The data collected in MFA is used to calculate several different standardized indicators:

  • Direct material input (DMI) is a measure of the total material inputs into an economy and is calculated as the sum of domestic extraction (DE) and imports.
  • The physical trade balance (PTB) is a measure of net-imports and is calculated as the difference between imports and exports. Reflecting that material and money flow in opposite directions during trade, this is a contrast to the monetary trade balance which calculates net-exports.
  • Domestic material consumption (DMC) is a measure of apparent consumption and calculated from domestic extraction plus imports minus exports (or DE plus PTB).

Economy-wide MFA is a satellite system to the system of national accounts and provides a rich empirical database for analytical studies. More information on how the statistics are collected, under what legal framework and how they are defined is available in Economy-wide material flow accounts.

In addition, the following indicators are may be used in material flow accounting:

  • Total material requirement (TMR) includes the domestic extraction of resources (minerals, fossil fuels, biomass), the indirect flows caused by and associated with the domestic extraction (called "hidden flows") and the imports.
  • Hidden flows are materials that are extracted or moved, but do not enter the economy. According to OECD, the "displacement of environmental assets without absorption into the economic sphere",[6] such as overburden from mining operations.
  • Domestic processed output (DPO) is defined by the OECD as "the total mass of materials which have been used in the national economy, before flowing into the environment. These flows occur at the processing, manufacturing, use, and final disposal stages of the economic production-consumption chain."[7]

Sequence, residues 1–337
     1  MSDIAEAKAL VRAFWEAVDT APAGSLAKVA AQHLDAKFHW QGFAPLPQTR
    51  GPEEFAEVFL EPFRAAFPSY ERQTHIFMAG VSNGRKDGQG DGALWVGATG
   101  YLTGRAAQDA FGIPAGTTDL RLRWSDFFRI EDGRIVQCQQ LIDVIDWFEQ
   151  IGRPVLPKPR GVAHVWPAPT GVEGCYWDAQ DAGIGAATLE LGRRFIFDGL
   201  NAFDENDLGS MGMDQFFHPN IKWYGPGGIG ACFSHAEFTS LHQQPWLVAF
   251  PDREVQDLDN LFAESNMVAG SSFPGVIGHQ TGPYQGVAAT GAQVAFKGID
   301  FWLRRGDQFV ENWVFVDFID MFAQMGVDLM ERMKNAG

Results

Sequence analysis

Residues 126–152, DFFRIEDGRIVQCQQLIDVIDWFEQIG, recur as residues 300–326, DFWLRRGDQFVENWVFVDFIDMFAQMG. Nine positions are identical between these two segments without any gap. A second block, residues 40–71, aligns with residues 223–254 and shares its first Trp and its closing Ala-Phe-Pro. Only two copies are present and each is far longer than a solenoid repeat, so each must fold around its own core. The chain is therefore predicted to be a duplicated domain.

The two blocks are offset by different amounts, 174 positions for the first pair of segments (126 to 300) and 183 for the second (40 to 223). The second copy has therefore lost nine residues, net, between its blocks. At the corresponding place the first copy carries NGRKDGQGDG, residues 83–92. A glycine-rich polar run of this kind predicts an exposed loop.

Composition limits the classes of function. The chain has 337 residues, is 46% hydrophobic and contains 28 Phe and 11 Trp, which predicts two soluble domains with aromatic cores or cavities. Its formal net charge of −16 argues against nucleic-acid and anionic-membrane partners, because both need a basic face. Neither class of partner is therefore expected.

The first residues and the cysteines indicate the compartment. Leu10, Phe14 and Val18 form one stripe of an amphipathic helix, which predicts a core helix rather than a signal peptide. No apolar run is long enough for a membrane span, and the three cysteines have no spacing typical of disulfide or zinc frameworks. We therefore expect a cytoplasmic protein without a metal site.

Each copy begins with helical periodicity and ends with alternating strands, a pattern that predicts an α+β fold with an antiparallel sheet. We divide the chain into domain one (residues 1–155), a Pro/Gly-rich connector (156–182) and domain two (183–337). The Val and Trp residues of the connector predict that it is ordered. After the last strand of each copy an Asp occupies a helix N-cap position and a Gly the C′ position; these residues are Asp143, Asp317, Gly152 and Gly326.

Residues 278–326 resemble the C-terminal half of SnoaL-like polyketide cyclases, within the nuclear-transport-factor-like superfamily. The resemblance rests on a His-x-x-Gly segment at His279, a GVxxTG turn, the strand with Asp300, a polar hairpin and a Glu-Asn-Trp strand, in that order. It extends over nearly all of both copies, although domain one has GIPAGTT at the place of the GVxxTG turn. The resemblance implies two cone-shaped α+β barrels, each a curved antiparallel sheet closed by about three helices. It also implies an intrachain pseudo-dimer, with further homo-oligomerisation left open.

• Total domestic output (TDO) includes the domestic processed output (DPO) plus the hidden flows associated with the domestic production.
  • Raw material consumption (RMC) includes the raw materials that are embodied in traded products (e.g. metal ores from which metals have been extracted). RMC does not include hidden flows.[8] RMC is most commonly calculated via environmentally extended input–output analysis.

See also[edit]


  1. ^ Fischer-Kowalski, M., Krausmann, F., Giljum, S., Lutter, S., Mayer, A., Bringezu, S., Moriguchi, Y., Schütz, H., Schandl, H., Weisz, H., 2011. Methodology and Indicators of Economy-wide Material Flow Accounting. J. Ind. Ecol. 15, 855–876.
  2. ^ Eurostat, 2012. Economy-wide Material Flow Accounts (EW-MFA) - Compilation Guide 2012. Eurostat, Luxembourg.[permanent dead link]
  3. ^ Definition taken from
  4. ^ "Home".
  5. ^ "Home".
  6. ^ OECD Glossary
  7. ^ OECD Glossary
  8. ^ " Indicators on the economy-wide level". Archived from the original on 2014-03-05. Retrieved 2014-02-24.

External links[edit]